2009 Jaguar XFEnlarge Photo
Slip inside the 2009 Jaguar XF Supercharged and don't do anything but close the door.
Now, look around. The aluminum, leather, and oak surfaces are strikingly beautiful. Like the über Volkswagen Phaeton, the HVAC vents are hidden, giving the interior an elegant, clean, more finished look. The Jag's interior isn't like the English pub atmosphere found in the old-school XJs, but the XF does emanate more warmth than a BMW or Mercedes while not giving up anything in terms of its performance feel or function.
Hitting the start button causes the 420-horsepower 4.2-liter to fire with a quiet V-8 growl that's just loud enough to be enjoyed but not so loud that it feels boy-racerish. Additionally, the vents rotate open (like the headlights on a Gen-IV Corvette) and the hockey-puck shaped gear selector rises from its flush position in the console.Over the years, manufacturers have tried numerous automatic transmission control devices. I hereby award 55,000 bonus points to TCC readers who can comment on the variety of shift mechanisms out there, including levers sprouting from various locations and push buttons on the dash or in the steering wheel's center. Jaguar's puck works much better than I initially expected, especially since its function is augmented by well-placed paddle shifters.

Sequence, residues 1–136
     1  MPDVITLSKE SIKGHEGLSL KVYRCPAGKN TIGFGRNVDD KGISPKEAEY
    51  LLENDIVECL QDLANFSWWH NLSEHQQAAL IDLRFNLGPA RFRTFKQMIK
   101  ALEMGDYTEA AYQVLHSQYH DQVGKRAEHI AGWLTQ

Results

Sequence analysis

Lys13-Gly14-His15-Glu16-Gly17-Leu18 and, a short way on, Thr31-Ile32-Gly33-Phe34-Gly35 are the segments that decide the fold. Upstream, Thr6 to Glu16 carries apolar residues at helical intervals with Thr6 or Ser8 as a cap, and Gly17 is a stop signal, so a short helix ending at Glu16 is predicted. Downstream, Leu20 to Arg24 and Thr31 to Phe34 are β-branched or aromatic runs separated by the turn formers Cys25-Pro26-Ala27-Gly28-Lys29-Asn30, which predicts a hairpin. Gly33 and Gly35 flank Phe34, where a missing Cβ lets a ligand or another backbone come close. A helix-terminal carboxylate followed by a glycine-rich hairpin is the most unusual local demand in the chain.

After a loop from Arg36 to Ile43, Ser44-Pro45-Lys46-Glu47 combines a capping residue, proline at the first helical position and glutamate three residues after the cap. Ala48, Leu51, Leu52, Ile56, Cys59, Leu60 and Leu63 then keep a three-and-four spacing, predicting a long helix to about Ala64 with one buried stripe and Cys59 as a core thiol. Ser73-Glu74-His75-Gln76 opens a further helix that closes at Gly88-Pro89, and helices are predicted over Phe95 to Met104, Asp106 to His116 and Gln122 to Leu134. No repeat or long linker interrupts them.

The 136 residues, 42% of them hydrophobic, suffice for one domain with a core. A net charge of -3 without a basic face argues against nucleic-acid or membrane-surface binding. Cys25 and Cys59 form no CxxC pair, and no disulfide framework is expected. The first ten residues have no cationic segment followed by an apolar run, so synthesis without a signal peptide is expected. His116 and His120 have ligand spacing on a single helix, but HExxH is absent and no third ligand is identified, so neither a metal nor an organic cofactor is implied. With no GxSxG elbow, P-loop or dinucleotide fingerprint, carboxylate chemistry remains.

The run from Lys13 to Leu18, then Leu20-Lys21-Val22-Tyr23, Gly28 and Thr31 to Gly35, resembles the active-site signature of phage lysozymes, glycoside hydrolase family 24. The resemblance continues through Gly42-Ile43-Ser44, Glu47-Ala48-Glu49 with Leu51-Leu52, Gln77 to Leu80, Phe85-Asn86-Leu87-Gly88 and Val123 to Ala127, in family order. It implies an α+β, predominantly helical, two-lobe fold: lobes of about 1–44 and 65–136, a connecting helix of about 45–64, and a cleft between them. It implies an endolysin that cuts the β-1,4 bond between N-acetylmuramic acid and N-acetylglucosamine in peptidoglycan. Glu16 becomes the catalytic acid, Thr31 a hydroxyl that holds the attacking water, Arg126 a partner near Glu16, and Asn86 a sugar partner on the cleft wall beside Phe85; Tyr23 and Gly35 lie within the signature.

On the road, the XF comes alive. The supercharged engine pumps out 420 horsepower delivered in a satisfyingly linear fashion. The active suspension provides a comfortable ride for the 99-percent of the time you're not hammering it but tightens instantly for the one percent you are.While the car was in the Detroit office, we had the chance to drive the car with a prominent Ford development engineer. He commented, "Wow, we did a really great engine for them. You can really feel where all our money went." The chassis responds quickly but never harshly.
For those shopping BMW's 5-Series or Mercedes' E-Class, the 2009 Jaguar XF presents an option oozing with personality and performance. While our tester performed reliably and was without squeaks or rattles (that's saying something considering the roads around Detroit), all was not perfect. We were disappointed to see that the artful door trim misaligned with the artful dash trim by a remarkable 3/8th of an inch. For those spending $67,000 on a vehicle, such quality lapses are unacceptable. Perhaps now that Ford's money took care of everything else, the new Indian owners will finish the job.
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